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What does an Aromatherapist do

What does an aromatherapist do? And why should you see one?

In my early days as an aromatherapist, I made a healing aromatherapy blend for someone I worked with. (Like many therapists, in my earliest days my practice had to fit alongside additional paid work!).  She reported back to me the next day that her young daughter, on seeing what Mum had brought home, whispered to her “Mum, is Wendy a good witch?”  I had to laugh as I often found people referring to some of my creations as “potions”.

But it goes to illustrate that many people are confused about what an aromatherapist actually does.  What benefit could they conceivably offer?

After all, there are so many DIY aromatherapy books and online resources, not to mention various reps selling essential oils via free workshops. Is there a need for a professional aromatherapist?

But the reality is that a professional accredited or clinical aromatherapist, is an amazing resource. It can help you get immensely more out of your essential oils than any amount of DIY experimenting can do.

Let’s firstly look at what makes an aromatherapist.

An aromatherapist will have a specific aromatherapy qualification encompassing literally hundreds of hours of tuition, study and (supervised) clinical practice before becoming qualified.  Other natural therapy practitioners may cover some aspects of aromatherapy during their studies. But these are generally not as intensive as a specific aromatherapy course will be.

Professional Aromatherapy training will cover a whole range of topics, including aromatherapy history, the production of essential oils (with detailed study of the different methods of production of essential oils, other aromatics, carrier oils etc), essential oil safety, botany, chemistry, human anatomy and physiology, pathology (the study of disease) as well as the study of different methods of use (including various tactile therapies and others, the selection of which can depend on the school)  and the in-depth study of an extensive range of individual essential oils. 

Ideally a good proportion (if not all) of this training should be done face to face rather than online.  Online courses can be a good option for those looking to use essential oils at home.  But for professionals (and really for anyone) there is no substitute for experiencing essential oils with your teacher face to face rather than virtually.

This study can take a year (working intensively) or much longer.  But it certainly is impossible over a weekend or a short course.   Again, these shorter options may give you enough information to start using essential oils at home or in limited ways.  Indeed, I teach this type of workshop myself. But they will not give you the depth of knowledge and experience to practice as a professional.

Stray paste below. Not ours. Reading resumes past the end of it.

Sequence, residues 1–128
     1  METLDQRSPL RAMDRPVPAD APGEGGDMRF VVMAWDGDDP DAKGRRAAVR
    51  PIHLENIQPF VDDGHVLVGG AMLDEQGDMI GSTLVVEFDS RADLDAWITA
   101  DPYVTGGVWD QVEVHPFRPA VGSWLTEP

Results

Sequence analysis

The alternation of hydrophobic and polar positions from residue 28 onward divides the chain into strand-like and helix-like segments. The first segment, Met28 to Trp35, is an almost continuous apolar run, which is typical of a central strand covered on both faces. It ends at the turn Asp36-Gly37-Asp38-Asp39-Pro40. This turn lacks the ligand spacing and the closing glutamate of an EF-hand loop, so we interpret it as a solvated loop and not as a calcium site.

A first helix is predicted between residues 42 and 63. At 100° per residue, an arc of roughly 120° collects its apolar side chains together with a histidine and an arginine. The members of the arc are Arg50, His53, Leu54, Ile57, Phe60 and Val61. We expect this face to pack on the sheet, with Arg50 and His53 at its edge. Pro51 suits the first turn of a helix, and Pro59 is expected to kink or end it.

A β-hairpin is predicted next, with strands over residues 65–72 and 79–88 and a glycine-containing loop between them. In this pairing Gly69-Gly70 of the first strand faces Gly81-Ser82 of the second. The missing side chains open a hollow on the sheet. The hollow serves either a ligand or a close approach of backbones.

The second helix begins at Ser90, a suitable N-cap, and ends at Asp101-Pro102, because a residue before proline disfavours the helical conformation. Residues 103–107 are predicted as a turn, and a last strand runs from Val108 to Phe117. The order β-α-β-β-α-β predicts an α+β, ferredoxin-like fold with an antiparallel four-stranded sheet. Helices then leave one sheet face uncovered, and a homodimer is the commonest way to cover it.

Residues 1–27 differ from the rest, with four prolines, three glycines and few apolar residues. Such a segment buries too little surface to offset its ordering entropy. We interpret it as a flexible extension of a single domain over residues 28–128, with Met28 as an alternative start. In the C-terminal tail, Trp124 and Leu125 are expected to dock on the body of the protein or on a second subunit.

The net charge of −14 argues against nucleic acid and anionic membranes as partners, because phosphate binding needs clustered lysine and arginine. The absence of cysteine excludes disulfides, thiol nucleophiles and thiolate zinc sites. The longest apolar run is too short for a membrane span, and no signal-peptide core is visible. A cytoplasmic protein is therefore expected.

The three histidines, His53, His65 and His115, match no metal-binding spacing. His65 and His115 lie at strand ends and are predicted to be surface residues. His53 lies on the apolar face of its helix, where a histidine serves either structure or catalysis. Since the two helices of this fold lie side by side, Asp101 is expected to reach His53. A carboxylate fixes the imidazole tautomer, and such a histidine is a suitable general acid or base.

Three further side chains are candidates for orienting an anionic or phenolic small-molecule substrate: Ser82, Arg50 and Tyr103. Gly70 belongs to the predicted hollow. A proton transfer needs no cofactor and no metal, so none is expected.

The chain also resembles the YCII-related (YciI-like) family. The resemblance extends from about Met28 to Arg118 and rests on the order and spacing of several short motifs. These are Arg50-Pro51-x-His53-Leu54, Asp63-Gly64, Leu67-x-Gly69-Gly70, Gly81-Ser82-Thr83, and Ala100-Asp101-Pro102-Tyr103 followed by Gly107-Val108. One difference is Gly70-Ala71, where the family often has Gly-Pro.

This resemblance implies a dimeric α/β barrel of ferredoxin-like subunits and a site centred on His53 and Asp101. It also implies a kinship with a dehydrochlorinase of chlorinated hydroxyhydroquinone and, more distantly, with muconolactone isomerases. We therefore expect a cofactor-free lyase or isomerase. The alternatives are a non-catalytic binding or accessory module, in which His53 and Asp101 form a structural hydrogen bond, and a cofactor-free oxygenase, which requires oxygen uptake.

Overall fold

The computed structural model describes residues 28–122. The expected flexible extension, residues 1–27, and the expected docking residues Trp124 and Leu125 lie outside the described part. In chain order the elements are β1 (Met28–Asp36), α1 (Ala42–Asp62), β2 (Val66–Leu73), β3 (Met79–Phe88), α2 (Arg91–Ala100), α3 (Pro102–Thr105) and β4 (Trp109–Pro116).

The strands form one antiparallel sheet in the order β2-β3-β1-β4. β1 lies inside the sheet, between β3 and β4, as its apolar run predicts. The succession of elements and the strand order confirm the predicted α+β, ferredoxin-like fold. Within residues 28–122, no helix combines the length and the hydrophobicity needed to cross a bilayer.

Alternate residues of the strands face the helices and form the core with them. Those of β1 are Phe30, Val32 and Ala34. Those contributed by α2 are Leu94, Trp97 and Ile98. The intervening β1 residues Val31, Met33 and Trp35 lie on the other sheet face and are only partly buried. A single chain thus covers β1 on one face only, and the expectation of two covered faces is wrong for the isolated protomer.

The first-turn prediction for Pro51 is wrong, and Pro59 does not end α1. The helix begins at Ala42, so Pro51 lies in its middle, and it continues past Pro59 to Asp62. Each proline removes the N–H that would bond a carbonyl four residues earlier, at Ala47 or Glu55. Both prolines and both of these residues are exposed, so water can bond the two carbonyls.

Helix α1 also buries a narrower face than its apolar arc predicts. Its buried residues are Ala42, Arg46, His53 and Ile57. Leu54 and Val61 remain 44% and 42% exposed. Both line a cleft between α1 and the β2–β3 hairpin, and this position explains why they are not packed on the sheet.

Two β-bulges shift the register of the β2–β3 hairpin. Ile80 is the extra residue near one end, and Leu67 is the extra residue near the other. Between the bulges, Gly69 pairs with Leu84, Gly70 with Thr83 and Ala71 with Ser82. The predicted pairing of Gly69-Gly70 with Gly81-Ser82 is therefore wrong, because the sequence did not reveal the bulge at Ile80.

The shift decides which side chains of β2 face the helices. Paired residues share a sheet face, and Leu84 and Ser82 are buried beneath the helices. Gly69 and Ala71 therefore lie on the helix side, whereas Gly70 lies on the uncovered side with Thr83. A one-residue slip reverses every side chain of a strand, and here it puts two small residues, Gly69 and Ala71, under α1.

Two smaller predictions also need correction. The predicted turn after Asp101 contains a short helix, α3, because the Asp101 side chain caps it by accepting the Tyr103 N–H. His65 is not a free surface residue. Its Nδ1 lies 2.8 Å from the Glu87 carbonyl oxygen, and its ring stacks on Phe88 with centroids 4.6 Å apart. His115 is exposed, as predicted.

The story doesn’t end there though.

Once qualified, aromatherapists must meet ongoing requirements to maintain their professional standing and membership of professional bodies. In Australia the peak body for aromatherapy is IAAMA (The International Aromatherapy & Aromatic Medicine Association). To read about their professional standards and other information click here.   A Professional Accredited Aromatherapist will have professional indemnity insurance, first aid qualifications and undergo continuing education to keep their expertise up to date and relevant.

All these requirements help to keep you safe by ensuring your aromatherapist has up to date knowledge, insurance back up in the unlikely event that something goes wrong and expertise to deal with a variety of health conditions and situations.

The benefit to you is that you can access all that expertise in a variety of ways.  An aromatherapy consultation may include massage or other tactile therapy, but not necessarily. (In fact, some aromatherapists choose not to do any massage, even if they have training in that area.)  Aromatherapists can offer education; or help you develop products using essential oils; or create personalised blends for an individual or even for a business. Aromatherapists may work in many different areas including private practice, spas, aged care, midwifery, palliative care, producing aromatherapy related products, education, acting as industry advisers and consultants and more.

When you see an aromatherapist they will work with you – however that is appropriate for you.

Aromatherapy works best when tailored to the needs of the individual. This is the skill of the aromatherapist – finding what works for you, now, at this point in your life, and taking into account the issues you are dealing with in this moment.

Aromatherapy is not a case of “this condition = this oil”.  Aromatherapy seeks to treat holistically, rather than allopathically.  In other words, it has a different approach in many ways to conventional medicine. The recommendations in books, online etc, are, necessarily, general rather than specific.  They cannot know the detail of the person reading them. So, they often take a similar position to conventional medicine – akin to just replacing a drug with an essential oil for one condition or symptom.